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Neligh Mayor Joe Hartz was one of five elected officials targeted Thursday morning by a recall petition, but his reaction to the effort to remove him from office may have people surprised.
“I’m not upset by the people. I think the system is wonderful,” Hartz said during an interview at the Antelope County News. “We have checks and balances, we’re watching out for each other, we’re making sure we’re not in this for our own gain. From the side of representing the people, we’re trying to do the best job we can at that. We’re trying to do a good job of what we’ve learned from our past to use in our future so we can make decisions that help the people of our community. That’s not only Neligh - that’s Antelope County.”
Hartz, along with city council members Ted Hughes, Dale Wilkinson, Stephanie Wanek and Leonard Miller, have been named in a recall petition filed by Neligh residents Bernadine Hughes and Merlin Mortinson.
Hartz, who was sworn in as mayor just six months ago, said the only part of the recall attempt that is upsetting is that the cost of a special election would be the burden of taxpayers. In order to force a special election, circulars must collect 162 signatures on a petition. There are 986 registered voters in Neligh.
Antelope County Clerk Lisa Payne estimated that a special election for all five individuals would cost about $5,000, which doesn’t include another special election to replace the officials should a recall be successful.
According to the affidavit filed, the reason behind the recall petition is the City of Neligh is attempting to annex two areas into city limits. The city council passed the second of three readings last week for annexation. The third and final reading is set for July 14, which is about a month before the recall signatures would be due to the county clerk.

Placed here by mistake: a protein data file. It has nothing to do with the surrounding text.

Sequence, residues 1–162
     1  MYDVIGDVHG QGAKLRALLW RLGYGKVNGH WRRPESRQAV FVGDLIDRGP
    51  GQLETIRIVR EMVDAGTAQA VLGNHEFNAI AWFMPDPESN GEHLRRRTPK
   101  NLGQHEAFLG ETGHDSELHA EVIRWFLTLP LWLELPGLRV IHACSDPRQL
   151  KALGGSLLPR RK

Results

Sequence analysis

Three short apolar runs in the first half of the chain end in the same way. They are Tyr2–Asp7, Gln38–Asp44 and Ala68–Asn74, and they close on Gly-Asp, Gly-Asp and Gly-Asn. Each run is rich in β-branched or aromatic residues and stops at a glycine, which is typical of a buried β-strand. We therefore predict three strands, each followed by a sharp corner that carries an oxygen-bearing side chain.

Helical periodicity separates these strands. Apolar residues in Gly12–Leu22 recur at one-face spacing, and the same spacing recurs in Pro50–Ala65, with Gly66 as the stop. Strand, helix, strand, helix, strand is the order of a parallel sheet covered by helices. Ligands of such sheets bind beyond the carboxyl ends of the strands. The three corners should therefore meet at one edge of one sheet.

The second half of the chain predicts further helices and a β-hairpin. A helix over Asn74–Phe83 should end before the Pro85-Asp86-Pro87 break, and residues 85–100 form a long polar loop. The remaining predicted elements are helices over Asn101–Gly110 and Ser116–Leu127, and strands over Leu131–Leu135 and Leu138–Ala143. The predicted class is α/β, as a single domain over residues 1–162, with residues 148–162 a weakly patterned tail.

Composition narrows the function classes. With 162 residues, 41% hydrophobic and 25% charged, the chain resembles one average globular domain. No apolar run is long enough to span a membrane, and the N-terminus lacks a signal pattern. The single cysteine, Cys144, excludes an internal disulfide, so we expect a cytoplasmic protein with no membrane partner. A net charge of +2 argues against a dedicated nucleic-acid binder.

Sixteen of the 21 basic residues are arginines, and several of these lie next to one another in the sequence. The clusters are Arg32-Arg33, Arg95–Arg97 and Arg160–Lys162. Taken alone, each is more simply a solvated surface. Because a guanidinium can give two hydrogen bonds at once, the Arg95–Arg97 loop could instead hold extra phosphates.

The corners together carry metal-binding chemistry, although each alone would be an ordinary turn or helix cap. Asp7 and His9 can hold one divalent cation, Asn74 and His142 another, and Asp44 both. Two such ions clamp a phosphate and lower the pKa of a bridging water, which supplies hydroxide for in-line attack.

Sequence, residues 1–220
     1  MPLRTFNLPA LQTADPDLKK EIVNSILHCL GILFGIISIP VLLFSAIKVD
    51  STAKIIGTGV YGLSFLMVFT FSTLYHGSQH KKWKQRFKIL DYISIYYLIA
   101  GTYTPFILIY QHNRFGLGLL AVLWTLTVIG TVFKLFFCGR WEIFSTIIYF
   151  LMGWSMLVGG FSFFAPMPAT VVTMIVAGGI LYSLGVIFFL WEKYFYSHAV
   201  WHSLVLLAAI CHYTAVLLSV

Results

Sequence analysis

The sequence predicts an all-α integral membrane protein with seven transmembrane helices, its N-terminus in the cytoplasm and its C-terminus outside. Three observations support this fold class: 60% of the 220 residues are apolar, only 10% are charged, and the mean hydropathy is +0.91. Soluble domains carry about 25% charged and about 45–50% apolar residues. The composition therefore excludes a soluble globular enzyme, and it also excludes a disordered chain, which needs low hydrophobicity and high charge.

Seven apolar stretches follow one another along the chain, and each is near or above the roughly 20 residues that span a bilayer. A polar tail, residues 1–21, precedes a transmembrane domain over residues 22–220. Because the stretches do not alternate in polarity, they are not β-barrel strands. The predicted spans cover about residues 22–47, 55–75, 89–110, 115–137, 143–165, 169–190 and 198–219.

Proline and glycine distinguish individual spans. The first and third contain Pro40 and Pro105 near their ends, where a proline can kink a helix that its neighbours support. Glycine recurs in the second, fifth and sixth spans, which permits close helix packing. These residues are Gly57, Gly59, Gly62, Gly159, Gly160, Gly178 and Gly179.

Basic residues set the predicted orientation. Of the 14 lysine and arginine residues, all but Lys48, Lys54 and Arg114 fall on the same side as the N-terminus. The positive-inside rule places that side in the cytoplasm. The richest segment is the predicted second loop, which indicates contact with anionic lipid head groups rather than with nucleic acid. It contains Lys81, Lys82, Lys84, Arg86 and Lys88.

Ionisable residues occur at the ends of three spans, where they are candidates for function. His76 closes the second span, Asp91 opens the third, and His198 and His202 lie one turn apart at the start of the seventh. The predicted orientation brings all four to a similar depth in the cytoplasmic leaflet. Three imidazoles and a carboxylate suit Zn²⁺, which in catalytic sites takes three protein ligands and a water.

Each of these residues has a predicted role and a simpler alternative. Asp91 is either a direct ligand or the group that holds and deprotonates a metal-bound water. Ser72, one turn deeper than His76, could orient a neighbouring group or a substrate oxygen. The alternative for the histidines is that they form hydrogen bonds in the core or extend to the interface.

The petition officially reads that it is filed due to “continued support/vote to approve the annexation ordinances has been done with repeated admissions that he/she has no idea what the future costs and revenues will be to the taxpayers of Neligh. This pattern of political conduct is alarming and sets the stage for future harm to the people of Neligh and to the business sector.”
Despite what would appear to be a division among the community, Hartz said he doesn’t believe a division has taken place. In fact, he sees a community that is growing and trying to work together.
“I’m not sure it’s a divided community,” he said. “We’ve had a lot of support moving forward as we’ve talked about this at meetings. There has been support and very little opposition outside of the business that are involved and have stated anything. Wherever we go from here, we need to keep in mind that we’re here to help and here to do the best we can.”
Hartz said hindsight is always 20-20, which makes moving forward difficult at any governing level. If he has any regrets, Hartz said it would be how he may have phrased a few things because despite not having a vote on annexation, his views have been used against and may have influenced council members.
Blaming council members for his views and words, Hartz said, simply isn’t fair.
“I talked about things that we needed, and that really wasn’t fair to the council because I said something the council is responsible for,” he said. “We all have our personal opinions and views and sometimes despite not being a voting part, we can still influence how people look at something. I sincerely apologize for anybody who was hurt and especially to council members who may have been affected by something I said. I was trying to get a point across on how we can work together and not against each other to make this work.”
Hartz said he believes the city council is trying to do what’s best for the area and is trying to take farmers and landowner views into consideration.
“The farm community is our lifeline. They’re our blood and soul, so we have to look out for their benefit and our benefit,” he said. “I think we have a great county. People pit town against town or area against area, but we’re in this fight together to survive.”